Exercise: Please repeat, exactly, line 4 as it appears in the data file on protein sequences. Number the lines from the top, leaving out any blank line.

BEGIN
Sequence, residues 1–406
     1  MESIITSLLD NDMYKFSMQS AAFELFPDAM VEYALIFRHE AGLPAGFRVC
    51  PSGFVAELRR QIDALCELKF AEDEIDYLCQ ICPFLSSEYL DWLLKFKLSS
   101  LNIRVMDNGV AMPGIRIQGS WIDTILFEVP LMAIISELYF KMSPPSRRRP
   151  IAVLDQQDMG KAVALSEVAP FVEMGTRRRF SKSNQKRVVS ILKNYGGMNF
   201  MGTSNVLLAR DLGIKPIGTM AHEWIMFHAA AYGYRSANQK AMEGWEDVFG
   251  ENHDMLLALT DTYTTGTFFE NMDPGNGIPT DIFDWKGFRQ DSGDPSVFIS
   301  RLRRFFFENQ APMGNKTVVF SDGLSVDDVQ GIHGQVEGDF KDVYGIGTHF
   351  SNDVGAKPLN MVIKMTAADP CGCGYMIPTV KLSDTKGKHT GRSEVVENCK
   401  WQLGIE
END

   101  LNIRVMDNGV AMPGIRIQGS WIDTILFEVP LMAIISELYF KMSPPSRRRP